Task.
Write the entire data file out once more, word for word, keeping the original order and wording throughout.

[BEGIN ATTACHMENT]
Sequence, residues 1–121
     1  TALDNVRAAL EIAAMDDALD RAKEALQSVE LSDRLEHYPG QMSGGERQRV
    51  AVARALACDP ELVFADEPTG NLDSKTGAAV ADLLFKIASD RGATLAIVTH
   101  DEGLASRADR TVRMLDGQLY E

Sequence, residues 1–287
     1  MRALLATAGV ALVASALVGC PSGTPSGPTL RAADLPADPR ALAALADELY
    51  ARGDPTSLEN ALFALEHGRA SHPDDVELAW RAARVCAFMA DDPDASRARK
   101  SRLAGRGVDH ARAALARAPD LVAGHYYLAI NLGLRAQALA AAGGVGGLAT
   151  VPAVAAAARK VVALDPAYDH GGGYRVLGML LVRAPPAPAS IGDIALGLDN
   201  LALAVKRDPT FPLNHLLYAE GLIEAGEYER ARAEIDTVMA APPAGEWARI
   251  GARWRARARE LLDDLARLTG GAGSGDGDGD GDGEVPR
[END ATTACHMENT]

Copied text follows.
Sequence, residues 1–121
     1  TALDNVRAAL EIAAMDDALD RAKEALQSVE LSDRLEHYPG QMSGGERQRV
    51  AVARALACDP ELVFADEPTG NLDSKTGAAV ADLLFKIASD RGATLAIVTH
   101  DEGLASRADR TVRMLDGQLY E

Sequence, residues 1–287
     1  MRALLATAGV ALVASALVGC PSGTPSGPTL RAADLPADPR ALAALADELY
    51  ARGDPTSLEN ALFALEHGRA SHPDDVELAW RAARVCAFMA DDPDASRARK
   101  SRLAGRGVDH ARAALARAPD LVAGHYYLAI NLGLRAQALA AAGGVGGLAT
   151  VPAVAAAARK VVALDPAYDH GGGYRVLGML LVRAPPAPAS IGDIALGLDN
   201  LALAVKRDPT FPLNHLLYAE GLIEAGEYER ARAEIDTVMA APPAGEWARI
   251  GARWRARARE LLDDLARLTG GAGSGDGDGD GDGEVPR